As the 10th anniversary of joining the Bologna Process approaches, the Kazakhstan government shall take stock of its progress and address two main questions. Have we achieved our goals? Where do we go from here and how?
The answers to both these questions depend on who you ask. For some, perhaps, joining the Bologna Process was the goal. Kazakhstan’s achievement in this regard is commendable. The world has recognised our sincere efforts to reform the higher education system.
For others, perhaps, the goal was to reform the higher education system in line with the developed European countries. For this, we need to know what the Bologna Process is all about.
The Bologna Process is a collaborative European effort to overcome the problem of mobility in education and the labour market. The process also aims to increase the competitiveness of the European education system in the face of challenges posed by the technological revolution and globalisation. It is centred on students and markets, making them a governing stakeholder instead of passive consumers.
The process is built upon underlying values and principles such as academic autonomy and freedom, critical thinking, linking research and teaching, civil liberties, and tolerance enshrined in the Magna Carta.
The three-cycle degree system, European Credit Accumulation and Transfer System (ECTS), diploma supplement, and independent accreditation are mere administrative instruments. They create an enabling environment to achieve the actual goals of mobility.
Kazakhstan has successfully installed the above administrative mechanisms through legislation and continues to improve upon the implementation process.
Nevertheless, 20 years of reforms fall short when it comes to meeting the actual objectives or cultivating the underlying values of the Bologna Process. Both of which require more than passing legislations.
The membership to the European Higher Education Area (EHEA) has not bestowed upon students an automatic ticket to Europe for study and work. Kazakh students continue to face great difficulties in getting accepted to Western universities mainly because of the problematic quality of education.
According to the 2018 competitiveness report by the World Economic Forum, Kazakhstan ranked 59th in the aggregate but 116th on graduate skills. The problem does not begin at universities, but at the primary and secondary level. According to the 2012 Programme for International Student Assessment report, 45 percent of Kazakhstan’s secondary school leavers do not have basic reading proficiency. The Unified National Test, main entry point to higher education, has been widely criticised for failing to assess students’ preparedness for higher education.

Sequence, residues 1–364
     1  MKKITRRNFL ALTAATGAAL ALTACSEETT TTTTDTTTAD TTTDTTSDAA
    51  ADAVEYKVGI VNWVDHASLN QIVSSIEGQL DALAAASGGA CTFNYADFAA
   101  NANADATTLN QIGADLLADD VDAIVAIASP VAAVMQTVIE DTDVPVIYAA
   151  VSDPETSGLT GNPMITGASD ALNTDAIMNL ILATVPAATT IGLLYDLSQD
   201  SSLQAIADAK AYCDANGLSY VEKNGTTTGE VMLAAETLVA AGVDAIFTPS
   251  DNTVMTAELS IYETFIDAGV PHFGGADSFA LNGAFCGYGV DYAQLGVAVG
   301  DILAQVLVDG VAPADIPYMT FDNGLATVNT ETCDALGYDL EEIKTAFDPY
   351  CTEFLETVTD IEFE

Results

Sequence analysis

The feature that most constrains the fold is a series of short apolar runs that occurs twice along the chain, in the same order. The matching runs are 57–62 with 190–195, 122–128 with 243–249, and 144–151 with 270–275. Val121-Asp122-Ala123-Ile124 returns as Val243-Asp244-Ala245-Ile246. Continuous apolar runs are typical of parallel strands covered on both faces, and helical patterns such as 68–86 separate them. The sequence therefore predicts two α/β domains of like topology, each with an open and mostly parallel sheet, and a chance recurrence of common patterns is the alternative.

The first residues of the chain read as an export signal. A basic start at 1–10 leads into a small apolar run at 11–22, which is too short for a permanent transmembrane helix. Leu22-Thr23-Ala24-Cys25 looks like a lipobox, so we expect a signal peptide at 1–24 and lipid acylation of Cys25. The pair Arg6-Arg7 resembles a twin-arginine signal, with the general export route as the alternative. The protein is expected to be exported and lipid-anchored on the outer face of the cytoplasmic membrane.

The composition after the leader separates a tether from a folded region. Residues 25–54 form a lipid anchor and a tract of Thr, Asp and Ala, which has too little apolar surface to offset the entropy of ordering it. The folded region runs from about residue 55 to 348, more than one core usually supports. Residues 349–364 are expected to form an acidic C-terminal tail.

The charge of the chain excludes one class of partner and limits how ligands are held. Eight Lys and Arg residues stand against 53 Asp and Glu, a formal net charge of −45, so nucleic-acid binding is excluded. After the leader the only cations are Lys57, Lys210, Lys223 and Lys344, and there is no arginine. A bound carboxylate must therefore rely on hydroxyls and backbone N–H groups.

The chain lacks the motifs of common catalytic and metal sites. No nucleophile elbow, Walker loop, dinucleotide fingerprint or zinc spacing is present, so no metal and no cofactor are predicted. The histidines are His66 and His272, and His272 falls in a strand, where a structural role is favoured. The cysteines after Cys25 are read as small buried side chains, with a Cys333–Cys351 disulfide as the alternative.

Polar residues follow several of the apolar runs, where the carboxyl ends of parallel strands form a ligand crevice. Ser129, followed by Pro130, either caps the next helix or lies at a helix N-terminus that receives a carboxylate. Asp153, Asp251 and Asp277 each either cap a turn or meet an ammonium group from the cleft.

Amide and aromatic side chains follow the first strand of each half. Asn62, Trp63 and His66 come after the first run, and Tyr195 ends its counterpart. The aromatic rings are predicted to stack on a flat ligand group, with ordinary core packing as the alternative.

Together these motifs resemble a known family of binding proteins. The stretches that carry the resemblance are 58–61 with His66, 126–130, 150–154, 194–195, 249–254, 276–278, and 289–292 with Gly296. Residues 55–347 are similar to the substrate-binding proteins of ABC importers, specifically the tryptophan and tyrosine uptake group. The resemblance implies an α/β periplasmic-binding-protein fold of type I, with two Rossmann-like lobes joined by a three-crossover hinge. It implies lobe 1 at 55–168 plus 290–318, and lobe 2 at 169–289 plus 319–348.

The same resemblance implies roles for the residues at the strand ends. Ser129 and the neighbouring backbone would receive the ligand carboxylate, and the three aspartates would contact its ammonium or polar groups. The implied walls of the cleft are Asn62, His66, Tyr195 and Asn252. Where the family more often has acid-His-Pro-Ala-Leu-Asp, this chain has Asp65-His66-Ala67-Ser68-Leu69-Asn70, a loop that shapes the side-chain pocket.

Take for example, the fact that the primary independent quality assurance agency in Kazakhstan accredited, on average, two programmes a day and certified 98 percent of all applications between 2013 and 2016. These numbers may indicate a higher level of efficiency. But one wonders about the level of scrutiny of the contents and delivery mechanisms of a programme that go through.
Nevertheless, Kazakhstan still does better than many of its peers in the EHEA on many accounts. The government remains determined to turn things around and the Bologna Process offers a direction and framework. We shall actively participate in the process and strive for outcome-based, instead of mere procedural, reforms.
The effective implementation of the Bologna Process would require a paradigmatic shift on the part of the political elite, civil servants, and academic community at large. The only way out of this infinite loop is to provide institutionalisation; put expert dedicated people at the helm; develop decision-support information systems and structure goals and means before embarking on implementation.
Kazakhstan should focus on quality enhancement, which would inevitably require promotion of the Magna Charta values. There cannot be any quality education and innovative mind-set without critical thinking and venues to express the creative potential.
Quality enhancement is a long-term painstaking process requiring a systemic approach with no arbitrary deadlines or obsession with world rankings. Such obsessions led Kazakhstan civil service astray. Consequently, they have focused on paper procedures and numbers rather than substantive outcomes.
A point so aptly put by Dr. Andris Barblan, Secretary General of the Magna Charta Observatory, who said during the Taraz Declaration ceremony, we shall resist the bureaucratic temptation to “quantify rather than qualify.”
As a first step, the budget for education requires a substantial increase at all levels and it shall be balanced horizontally. Teacher salaries and teaching/administrative workload (at the cost of research) remain the biggest hurdle in attracting and retaining well qualified educationists. Currently, three quarters of the higher education budget goes to fifteen universities.
Secondly, the Ministry through the National Qualifications framework, the management of universities, and quality assurance agencies all need to make an effort to genuinely engage the industry stakeholders.
Finally, the primary and secondary schools require more systemic attention than what they receive at the moment. Besides increasing inputs to the system, the curriculum design activity shall engage more international and local critical voices from intelligentsia.
Dr Ilyassova-Schoenfeld is a Postdoctoral Scholar at the Graduate School of Public Policy, Nazarbayev University.
Dr Lodhi is an Assistant Professor at the Graduate School of Public Policy, Nazarbayev University.
The views expressed here are their own and do not represent those of their organisation.